Peg, Parsing Expression Grammar, is an implementation of a Packrat parser generator.

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Overview

PEG, an Implementation of a Packrat Parsing Expression Grammar in Go

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A Parsing Expression Grammar ( hence peg) is a way to create grammars similar in principle to regular expressions but which allow better code integration. Specifically, peg is an implementation of the Packrat parser generator originally implemented as peg/leg by Ian Piumarta in C. A Packrat parser is a "descent recursive parser" capable of backtracking and negative look-ahead assertions which are problematic for regular expression engines .

See Also

Installing

go get -u github.com/pointlander/peg

Building

Using Pre-Generated Files

go install

Generating Files Yourself

You should only need to do this if you are contributing to the library, or if something gets messed up.

go run build.go or go generate

With tests:

go run build.go test

Usage

peg [<option>]... <file>

Usage of peg:
  -inline
      parse rule inlining
  -noast
      disable AST
  -output string
      specify name of output file
  -print
      directly dump the syntax tree
  -strict
      treat compiler warnings as errors
  -switch
      replace if-else if-else like blocks with switch blocks
  -syntax
      print out the syntax tree
  -version
      print the version and exit
	  

Sample Makefile

This sample Makefile will convert any file ending with .peg into a .go file with the same name. Adjust as needed.

.SUFFIXES: .peg .go

.peg.go:
	peg -noast -switch -inline -strict -output [email protected] $<

all: grammar.go

Use caution when picking your names to avoid overwriting existing .go files. Since only one PEG grammar is allowed per Go package (currently) the use of the name grammar.peg is suggested as a convention:

grammar.peg
grammar.go

PEG File Syntax

First declare the package name and any import(s) required:

package <package name>

import <import name>

Then declare the parser:

type <parser name> Peg {
	<parser state variables>
}

Next declare the rules. Note that the main rules are described below but are based on the peg/leg rules which provide additional documentation.

The first rule is the entry point into the parser:

<rule name> <- <rule body>

The first rule should probably end with !. to indicate no more input follows.

first <- . !.

This is often set to END to make PEG rules more readable:

END <- !.

. means any character matches. For zero or more character matches, use:

repetition <- .*

For one or more character matches, use:

oneOrMore <- .+

For an optional character match, use:

optional <- .?

If specific characters are to be matched, use single quotes:

specific <- 'a'* 'bc'+ 'de'?

This will match the string "aaabcbcde".

For choosing between different inputs, use alternates:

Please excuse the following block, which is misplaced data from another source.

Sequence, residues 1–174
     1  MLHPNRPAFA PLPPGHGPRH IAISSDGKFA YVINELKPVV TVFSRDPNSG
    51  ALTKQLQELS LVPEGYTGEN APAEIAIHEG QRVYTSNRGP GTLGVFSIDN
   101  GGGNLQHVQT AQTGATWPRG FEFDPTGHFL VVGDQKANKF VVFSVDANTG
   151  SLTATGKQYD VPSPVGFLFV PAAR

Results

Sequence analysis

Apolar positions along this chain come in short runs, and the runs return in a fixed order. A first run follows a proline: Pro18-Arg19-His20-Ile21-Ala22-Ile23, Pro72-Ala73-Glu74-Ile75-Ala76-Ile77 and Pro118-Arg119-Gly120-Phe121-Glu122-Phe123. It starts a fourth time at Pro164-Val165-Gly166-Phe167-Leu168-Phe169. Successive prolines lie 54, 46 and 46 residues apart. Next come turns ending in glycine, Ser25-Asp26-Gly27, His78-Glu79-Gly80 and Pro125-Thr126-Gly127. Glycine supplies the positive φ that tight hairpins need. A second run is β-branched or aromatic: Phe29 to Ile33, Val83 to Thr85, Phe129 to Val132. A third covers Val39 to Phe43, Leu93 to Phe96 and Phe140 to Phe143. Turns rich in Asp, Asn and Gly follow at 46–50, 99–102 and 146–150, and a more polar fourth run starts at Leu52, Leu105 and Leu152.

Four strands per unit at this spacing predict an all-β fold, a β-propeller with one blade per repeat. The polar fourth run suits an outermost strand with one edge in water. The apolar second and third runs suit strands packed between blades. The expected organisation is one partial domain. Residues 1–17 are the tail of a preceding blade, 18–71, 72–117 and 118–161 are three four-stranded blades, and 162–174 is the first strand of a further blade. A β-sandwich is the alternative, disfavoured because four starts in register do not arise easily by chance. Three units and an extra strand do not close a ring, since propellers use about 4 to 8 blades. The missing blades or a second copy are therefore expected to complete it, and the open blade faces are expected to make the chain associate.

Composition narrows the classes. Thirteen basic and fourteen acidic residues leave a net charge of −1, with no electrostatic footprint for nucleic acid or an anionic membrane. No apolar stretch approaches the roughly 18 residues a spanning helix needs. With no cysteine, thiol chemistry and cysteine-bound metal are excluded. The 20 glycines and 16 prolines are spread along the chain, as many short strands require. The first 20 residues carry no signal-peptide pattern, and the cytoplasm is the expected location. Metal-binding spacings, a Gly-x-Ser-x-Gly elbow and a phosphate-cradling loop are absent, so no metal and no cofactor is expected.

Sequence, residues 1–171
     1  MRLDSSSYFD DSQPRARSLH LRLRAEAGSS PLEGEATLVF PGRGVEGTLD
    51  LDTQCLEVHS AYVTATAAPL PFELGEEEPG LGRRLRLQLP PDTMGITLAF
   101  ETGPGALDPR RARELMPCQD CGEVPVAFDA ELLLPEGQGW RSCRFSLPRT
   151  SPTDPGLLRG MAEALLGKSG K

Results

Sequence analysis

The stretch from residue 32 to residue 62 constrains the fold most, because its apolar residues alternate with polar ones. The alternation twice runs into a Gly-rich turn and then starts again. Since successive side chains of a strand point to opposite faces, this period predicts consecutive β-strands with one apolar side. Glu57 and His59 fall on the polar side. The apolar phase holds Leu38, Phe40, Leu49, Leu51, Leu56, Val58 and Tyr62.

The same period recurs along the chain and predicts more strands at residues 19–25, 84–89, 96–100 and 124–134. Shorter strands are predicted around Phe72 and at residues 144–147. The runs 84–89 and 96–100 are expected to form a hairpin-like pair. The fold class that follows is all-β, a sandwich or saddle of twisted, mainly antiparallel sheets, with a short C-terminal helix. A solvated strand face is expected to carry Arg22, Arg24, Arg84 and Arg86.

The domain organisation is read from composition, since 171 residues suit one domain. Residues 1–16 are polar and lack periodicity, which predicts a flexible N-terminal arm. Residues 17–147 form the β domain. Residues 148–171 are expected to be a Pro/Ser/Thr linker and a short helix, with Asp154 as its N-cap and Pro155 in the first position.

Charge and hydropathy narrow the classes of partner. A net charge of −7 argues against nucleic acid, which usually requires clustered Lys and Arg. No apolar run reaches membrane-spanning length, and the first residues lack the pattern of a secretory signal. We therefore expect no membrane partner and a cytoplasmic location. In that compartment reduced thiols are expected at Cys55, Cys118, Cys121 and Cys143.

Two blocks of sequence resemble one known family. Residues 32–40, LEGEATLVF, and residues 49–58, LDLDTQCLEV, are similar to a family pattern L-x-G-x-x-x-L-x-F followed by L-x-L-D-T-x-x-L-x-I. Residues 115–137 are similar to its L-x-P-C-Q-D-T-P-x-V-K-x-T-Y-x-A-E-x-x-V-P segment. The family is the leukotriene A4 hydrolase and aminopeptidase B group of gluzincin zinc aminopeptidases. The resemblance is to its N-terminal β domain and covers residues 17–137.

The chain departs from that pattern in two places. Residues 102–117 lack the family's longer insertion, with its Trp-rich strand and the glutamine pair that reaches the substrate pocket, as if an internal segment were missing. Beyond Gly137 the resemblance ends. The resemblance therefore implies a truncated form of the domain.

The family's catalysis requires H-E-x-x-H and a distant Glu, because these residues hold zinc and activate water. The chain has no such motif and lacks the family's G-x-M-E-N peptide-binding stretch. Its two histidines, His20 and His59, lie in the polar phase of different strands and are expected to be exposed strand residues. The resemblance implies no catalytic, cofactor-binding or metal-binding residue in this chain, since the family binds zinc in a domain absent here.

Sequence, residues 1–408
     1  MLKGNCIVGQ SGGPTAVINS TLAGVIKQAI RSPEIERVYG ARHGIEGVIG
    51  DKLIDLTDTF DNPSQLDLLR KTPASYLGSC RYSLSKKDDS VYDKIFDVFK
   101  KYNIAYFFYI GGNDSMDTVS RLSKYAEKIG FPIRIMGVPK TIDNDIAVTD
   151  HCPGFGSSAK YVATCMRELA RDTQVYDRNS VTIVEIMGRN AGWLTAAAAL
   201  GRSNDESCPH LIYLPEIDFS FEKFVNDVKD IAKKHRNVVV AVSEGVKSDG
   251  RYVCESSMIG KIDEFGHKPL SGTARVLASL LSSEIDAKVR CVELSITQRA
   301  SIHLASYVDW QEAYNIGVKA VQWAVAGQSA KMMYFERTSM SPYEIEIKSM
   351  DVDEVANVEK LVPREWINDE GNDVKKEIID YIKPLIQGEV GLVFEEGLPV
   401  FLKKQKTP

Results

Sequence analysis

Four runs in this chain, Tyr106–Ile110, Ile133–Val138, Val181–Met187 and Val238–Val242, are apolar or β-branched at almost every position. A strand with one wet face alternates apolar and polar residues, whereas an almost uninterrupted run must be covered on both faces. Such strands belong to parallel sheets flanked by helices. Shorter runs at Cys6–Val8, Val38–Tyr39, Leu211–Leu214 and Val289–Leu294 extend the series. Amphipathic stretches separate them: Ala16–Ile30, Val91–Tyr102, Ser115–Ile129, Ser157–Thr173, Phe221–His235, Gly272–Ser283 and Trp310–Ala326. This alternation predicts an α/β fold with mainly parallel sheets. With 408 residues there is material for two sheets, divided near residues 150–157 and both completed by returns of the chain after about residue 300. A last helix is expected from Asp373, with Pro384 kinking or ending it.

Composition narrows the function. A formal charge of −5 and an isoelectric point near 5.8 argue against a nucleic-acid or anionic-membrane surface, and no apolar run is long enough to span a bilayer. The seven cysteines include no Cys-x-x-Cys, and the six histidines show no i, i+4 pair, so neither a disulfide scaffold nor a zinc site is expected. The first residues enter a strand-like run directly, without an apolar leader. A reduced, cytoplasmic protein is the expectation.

prioritized <- 'a' 'a'* / 'bc'+ / 'de'?

This will match "aaaa" or "bcbc" or "de" or "". The matches are attempted in order.

If the characters are case insensitive, use double quotes:

insensitive <- "abc"

This will match "abc" or "Abc" or "ABc" and so on.

For matching a set of characters, use a character class:

class <- [a-z]

This will match "a" or "b" or all the way to "z".

For an inverse character class, start with a caret:

inverse <- [^a-z]

This will match anything but "a" or "b" or all the way to "z".

If the character class is case insensitive, use double brackets:

insensitive <- [[A-Z]]

(Note that this is not available in regular expression syntax.)

Use parentheses for grouping:

grouping <- (rule1 / rule2) rule3

For looking ahead a match (predicate), use:

lookAhead <- &rule1 rule2

For inverse look ahead, use:

inverse <- !rule1 rule2

Use curly braces for Go code:

gocode <- { fmt.Println("hello world") }

For string captures, use less than and greater than:

capture <- <'capture'> { fmt.Println(text) }

Will print out "capture". The captured string is stored in buffer[begin:end].

Testing Complex Grammars

Testing a grammar usually requires more than the average unit testing with multiple inputs and outputs. Grammars are also usually not for just one language implementation. Consider maintaining a list of inputs with expected outputs in a structured file format such as JSON or YAML and parsing it for testing or using one of the available options for Go such as Rob Muhlestein's tinout package.

Files

  • bootstrap/main.go - bootstrap syntax tree of peg
  • tree/peg.go - syntax tree and code generator
  • peg.peg - peg in its own language

Author

Andrew Snodgrass

Projects That Use peg

Here are some projects that use peg to provide further examples of PEG grammars:

Issues
  • C grammar fails with trivial but legal C snippet

    C grammar fails with trivial but legal C snippet

    int main() { (a)||1; }

    In general, the two-place operator symbols fail to parse in this configuration (||, &&, ->, >>, <<) as well as the two-place postfix operators ("(a)--", "(a)++"). However I did notice that ">" and "<" also fail.

    The key here is the LPAR and RPAR wrapping the expression. This seems to trigger it.

    I'm rather losing my mind over the bug. Any help very much appreciated!

    opened by bdamm 8
  • Parser very slow

    Parser very slow

    The parser allocates an enormous amount of memory

    var tree tokenTree = &tokens32{tree: make([]token32, math.MaxInt16)}
    

    And then uses own vector doubling scheme

    func (t *tokens32) Expand(index int) tokenTree {
            tree := t.tree
            if index >= len(tree) {
                    expanded := make([]token32, 2*len(tree))
                    copy(expanded, tree) 
                    t.tree = expanded
            }
            return nil
    }
    

    Both of these causes the parser to be very slow because it generates an big amount of garbage. Should probably be optimized.

    opened by brtzsnr 8
  • Parser completely breaks without warning if you have more than 65536 tokens

    Parser completely breaks without warning if you have more than 65536 tokens